Effects of creative distraction techniques on the level of pain of children undergoing intramuscular injection
Date of Completion
Bachelor of Science in Nursing
Injections, Intramuscular, Children, Pain
This study used quasi-experimental research design. Sixty (60) respondents were chosen using purposive sampling. They were divided into four (4) groups: Group 1 was the treatment group who received the audio intervention, Group 2 was the treatment group who received the touch intervention, Group 3 was the treatment group who received the visual intervention and Group 4 was the comparison group who was observed without intervention. The research instrument used was an adapted questionnaire from Neonatal/Infant Pain Scale (NIPS), a tool that nurses use as indicative of infant pain or distress with the pain scale of 0-2 mild to no pain, 3-4 mild to moderate pain and >4 severe pain. Data was analyzed through frequency, mean, percentage, t-test and Levene's test for equality of variances. The study found out that, 1) Majority of the respondents were male; 2) The level of pain of children undergoing intramuscular injection in the comparison and treatment group was severe pain; 3) There were no significant differences in the level of pain of children undergoing intramuscular injection between the comparison and Treatment Group 1 (creative audio distraction technique) and Treatment Group 2 (creative touch distraction technique) while there was significant difference in Treatment Group 3 (creative visual distraction technique). Creative visual distraction technique is an effective means of reducing the level of pain felt by the respondents.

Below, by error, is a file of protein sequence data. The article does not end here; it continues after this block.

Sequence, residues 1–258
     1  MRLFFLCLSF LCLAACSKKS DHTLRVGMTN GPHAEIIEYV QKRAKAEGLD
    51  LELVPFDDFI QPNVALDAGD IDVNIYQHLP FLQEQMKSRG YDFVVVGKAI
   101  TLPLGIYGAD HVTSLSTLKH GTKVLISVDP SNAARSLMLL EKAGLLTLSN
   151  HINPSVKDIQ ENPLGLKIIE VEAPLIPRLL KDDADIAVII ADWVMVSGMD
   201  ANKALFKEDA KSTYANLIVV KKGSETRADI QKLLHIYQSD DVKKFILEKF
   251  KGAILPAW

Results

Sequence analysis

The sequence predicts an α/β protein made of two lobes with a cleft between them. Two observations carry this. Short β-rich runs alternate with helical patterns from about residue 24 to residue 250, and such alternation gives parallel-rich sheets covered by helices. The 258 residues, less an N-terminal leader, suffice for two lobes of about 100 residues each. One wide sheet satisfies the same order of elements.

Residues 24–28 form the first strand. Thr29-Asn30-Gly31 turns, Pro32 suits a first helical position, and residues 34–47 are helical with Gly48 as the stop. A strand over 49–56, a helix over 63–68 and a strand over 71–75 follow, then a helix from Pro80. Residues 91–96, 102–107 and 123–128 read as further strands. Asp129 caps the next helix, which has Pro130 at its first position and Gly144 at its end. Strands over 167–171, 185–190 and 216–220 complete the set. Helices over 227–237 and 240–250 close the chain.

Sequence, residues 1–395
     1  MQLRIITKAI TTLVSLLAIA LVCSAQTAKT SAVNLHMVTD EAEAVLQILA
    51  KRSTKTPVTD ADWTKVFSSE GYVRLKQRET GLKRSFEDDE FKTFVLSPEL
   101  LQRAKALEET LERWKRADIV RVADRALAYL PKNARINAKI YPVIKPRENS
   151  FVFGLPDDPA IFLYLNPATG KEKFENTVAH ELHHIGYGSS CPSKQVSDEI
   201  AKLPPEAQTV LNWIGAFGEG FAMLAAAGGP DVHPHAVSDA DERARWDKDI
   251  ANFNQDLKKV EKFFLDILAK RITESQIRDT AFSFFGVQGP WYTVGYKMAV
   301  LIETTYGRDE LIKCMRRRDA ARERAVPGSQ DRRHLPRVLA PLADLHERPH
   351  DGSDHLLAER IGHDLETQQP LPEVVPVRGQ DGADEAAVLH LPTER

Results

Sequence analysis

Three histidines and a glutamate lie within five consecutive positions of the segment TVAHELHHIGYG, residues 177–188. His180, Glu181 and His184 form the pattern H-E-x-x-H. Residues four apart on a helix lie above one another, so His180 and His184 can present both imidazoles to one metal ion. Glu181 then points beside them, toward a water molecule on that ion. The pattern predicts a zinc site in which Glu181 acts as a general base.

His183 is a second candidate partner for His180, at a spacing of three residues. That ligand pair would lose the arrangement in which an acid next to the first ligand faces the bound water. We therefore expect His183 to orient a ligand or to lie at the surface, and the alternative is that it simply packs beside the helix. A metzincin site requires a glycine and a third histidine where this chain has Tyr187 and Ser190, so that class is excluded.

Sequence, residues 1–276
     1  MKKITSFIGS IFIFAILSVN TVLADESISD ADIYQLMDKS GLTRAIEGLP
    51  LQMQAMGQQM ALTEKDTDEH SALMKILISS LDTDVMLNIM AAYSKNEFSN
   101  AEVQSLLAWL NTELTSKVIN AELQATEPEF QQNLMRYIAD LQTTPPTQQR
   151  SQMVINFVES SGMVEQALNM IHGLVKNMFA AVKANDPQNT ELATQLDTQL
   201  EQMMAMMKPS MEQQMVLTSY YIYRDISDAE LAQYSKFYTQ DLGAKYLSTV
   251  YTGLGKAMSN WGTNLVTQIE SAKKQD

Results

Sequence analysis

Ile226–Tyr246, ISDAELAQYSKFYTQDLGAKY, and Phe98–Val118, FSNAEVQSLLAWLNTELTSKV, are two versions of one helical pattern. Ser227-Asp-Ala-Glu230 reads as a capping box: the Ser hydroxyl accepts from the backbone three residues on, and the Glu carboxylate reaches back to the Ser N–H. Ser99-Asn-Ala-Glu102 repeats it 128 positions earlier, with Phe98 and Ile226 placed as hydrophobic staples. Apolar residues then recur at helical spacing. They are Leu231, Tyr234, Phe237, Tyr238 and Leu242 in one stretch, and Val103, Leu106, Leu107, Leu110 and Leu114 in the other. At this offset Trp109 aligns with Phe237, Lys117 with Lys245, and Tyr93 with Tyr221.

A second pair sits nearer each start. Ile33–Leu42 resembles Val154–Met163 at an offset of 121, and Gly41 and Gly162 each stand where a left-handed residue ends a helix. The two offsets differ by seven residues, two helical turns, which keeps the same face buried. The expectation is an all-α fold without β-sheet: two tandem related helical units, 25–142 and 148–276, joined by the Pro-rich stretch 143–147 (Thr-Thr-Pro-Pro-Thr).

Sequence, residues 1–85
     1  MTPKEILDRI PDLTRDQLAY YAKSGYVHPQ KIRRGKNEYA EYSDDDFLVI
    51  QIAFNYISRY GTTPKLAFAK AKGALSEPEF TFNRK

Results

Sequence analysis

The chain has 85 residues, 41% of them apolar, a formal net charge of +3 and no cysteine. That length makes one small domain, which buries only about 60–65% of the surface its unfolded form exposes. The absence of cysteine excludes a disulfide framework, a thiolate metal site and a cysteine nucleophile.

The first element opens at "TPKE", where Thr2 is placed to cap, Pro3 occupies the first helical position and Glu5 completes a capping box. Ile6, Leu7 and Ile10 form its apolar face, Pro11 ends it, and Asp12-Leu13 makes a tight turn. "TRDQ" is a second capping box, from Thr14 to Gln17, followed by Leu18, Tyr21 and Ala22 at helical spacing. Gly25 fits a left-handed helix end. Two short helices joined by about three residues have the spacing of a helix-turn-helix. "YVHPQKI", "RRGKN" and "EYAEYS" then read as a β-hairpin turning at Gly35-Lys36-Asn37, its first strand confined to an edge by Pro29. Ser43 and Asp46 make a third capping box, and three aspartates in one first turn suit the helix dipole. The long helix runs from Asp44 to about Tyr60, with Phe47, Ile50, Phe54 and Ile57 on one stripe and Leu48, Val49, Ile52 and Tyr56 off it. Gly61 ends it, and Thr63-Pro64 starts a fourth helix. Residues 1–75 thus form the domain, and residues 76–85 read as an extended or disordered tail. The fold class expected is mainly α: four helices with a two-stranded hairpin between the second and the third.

Maria Bernadette R. Daplas
Redona, K. P.,
Sangcap, Q. R.,
Tana, K. D.
Effects of creative distraction techniques on the level of pain of children undergoing intramuscular injection.
Bachelor of Science in Nursing.
Retrieved from https://greenprints.dlshsi.edu.ph/bsn/301